Agility training exercises help improve speed, explosive power, coordination, and specific sports skills. From high school to professional sports teams, all athletes can benefit from agility training exercises.
Incorporate these drills a few times a week into your training routine to perfect your foot speed and refine your sports technique.
1. Lateral Plyometric Jumps
Lateral plyometric jumps help build explosive power, balance, and coordination by using our natural body weight. This advanced agility training exercise is essential for any athletic position that requires lateral coordination and power. For best results, be sure to perform this drill after a thorough warm up.
2. Forward Running, High-Knee Drills
Requiring only a basic speed later and your body, this agility training exercise is designed to improve foot coordination and speed for all field sport athletes. Simply run with high knees forward through the ladder, landing in every ladder space. For this simple drill, proper form is key. Be sure to land on the balls of your feet and drive forward with your arms.
3. Lateral Running, Side-to-Side Drills
Lateral running drills greatly improve both knee and ankle stability, making them ideal for court-sports. For proper form, maintain a low center of gravity and quickly step side-by-side through the ladder. Be sure to step both feet, one at a time, inside each rung of the ladder. While driving your arms forward, always aim to land on the balls of your feet. Repeat from right to left and then again, left to right. Proper form is the key to your success!
4. Dot Drills
Agility and explosive speed are achievable when you have the appropriate leg strength, something that is improved with basic dot drills. Dot drills are just one of the ways in which you can increase knee and ankle strength, giving you the additional stability you need for field sports, racket sports, basketball and soccer. Dot drills allow these athletes to fluently change direction without notice.
To complete the dot drill successfully, use tape to place a small “X” on the ground in the pattern of a five, as seen on a dice; you may also use a dot drill mat. Start your warm-up by jumping from dot to dot with both feet at once. After you feel warmed up (approximately 30 seconds), progress to one foot hopping and then try to follow a specific jumping pattern.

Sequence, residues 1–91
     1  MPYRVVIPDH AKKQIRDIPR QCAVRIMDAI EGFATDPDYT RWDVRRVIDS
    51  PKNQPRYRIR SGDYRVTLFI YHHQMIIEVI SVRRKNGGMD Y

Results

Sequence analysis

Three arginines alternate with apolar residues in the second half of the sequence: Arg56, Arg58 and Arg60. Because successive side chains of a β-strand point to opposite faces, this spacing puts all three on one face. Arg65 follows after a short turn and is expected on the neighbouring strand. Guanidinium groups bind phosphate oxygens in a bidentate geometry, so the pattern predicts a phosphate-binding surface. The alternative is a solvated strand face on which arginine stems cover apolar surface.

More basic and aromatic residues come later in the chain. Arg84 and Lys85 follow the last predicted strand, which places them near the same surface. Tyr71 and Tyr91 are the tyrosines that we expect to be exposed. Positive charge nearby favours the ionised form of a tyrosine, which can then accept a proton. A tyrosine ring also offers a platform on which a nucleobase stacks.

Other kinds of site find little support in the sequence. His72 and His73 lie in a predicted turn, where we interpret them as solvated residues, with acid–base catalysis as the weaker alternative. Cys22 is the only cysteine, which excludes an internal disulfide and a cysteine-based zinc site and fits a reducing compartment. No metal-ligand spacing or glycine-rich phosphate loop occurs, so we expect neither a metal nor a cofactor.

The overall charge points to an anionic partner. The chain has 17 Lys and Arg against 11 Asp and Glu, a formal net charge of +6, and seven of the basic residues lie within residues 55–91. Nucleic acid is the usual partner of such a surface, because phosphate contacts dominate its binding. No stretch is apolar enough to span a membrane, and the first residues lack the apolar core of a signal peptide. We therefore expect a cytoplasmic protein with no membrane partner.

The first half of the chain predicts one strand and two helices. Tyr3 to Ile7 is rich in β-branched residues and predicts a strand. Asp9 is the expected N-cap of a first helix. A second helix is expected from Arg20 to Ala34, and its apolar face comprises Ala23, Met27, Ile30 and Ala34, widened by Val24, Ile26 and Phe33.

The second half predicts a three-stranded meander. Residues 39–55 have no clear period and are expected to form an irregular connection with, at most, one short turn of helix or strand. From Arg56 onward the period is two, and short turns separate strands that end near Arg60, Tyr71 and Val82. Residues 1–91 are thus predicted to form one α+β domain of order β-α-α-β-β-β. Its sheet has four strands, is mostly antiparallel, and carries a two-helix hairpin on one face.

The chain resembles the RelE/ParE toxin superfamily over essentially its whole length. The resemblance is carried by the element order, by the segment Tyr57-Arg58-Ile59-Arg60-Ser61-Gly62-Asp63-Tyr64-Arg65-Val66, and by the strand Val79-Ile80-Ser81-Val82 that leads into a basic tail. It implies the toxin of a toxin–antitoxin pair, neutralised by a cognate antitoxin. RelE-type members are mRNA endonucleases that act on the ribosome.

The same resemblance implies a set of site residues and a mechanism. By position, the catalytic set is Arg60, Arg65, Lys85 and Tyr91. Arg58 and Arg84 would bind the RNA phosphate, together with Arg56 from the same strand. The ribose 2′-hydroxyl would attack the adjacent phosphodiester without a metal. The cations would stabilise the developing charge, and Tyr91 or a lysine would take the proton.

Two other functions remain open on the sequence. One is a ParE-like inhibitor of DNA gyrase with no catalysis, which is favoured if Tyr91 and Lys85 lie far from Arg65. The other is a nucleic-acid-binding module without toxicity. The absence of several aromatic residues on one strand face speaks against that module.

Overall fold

5. Jump Box Drills
Great for your quads, glutes, and hamstring muscles, start by stepping into a VertiMax 8 with a medium to heavy resistance (depending on your ability). Keeping your knees over your toes, jump as high and as fast as you can. Land safely on the balls of your feet. Repeat VertiMax jump box drills for 10 - 20 seconds.
6. L Drills
L Drills, aka Cone Drills, are a popular agility training exercise used by coaches and professional trainers to develop rapid change of direction ability and speed.
- Set your cones up for the 3 Cone Drill.
- Start at the line in a 3 Point Stance.
- Come out low for about 5 yards, maintaining medium speed control, touching the line at the center cone.
- Once you touch the line, immediately return to the start cone, and touch the line using the same hand.
- Next, turn and sprint back around the center cone, planting off your inside foot for a hard turn and figure eight around the end cone (again, planting your inside foot).
- Make a sharp cut around the middle cone, turning on your inside foot, and sprint back to the starting cone, to finish the drill.
- Repeat 3 - 5 times.
7. Plyometric Agility Hurdles
Athletes use plyometric jumping exercises to build explosive power and speed. Additionally, these challenging agility training drills improve coordination, dexterity, and effectively improves sports performance. Using a set of small hurdles, jumping on one or both feet can develop agility and increase foot speed for runners and field sports athletes alike.
- Set up several small agility hurdles, placing about 2 feet between each hurdle.
- Start with your legs shoulder-width apart. Begin to jump upward and forward, clearing each hurdle. Be sure to land lightly on the balls of your feet.
- Upon landing, immediately jump again, driving forward with your arms.
- Repeat several repetitions.
- Repeat the drill on only the right foot and then only the left foot.
8. Shuttle Runs
The shuttle run is a standard agility training exercise used by athletes who play stop-and-go sports (i.e. soccer, basketball, and hockey). Shuttle run drills are an easy way to inject some high-intensity training into a basic conditioning program while you build speed, agility, and endurance.
Set a training area with two markers, such as cones, about 25 yards apart. With explosive speed, sprint from one marker to the other marker and back. Repeat 6 - 8 times. Consider switching it up by including forward-touch-return runs, forward-backward runs, and side-to-side runs.
Ultimately, agility training sets apart average athletes from exceptional athletes. Adding the above agility training exercises to your weekly conditioning routine will have you taking it to the next level within a few weeks.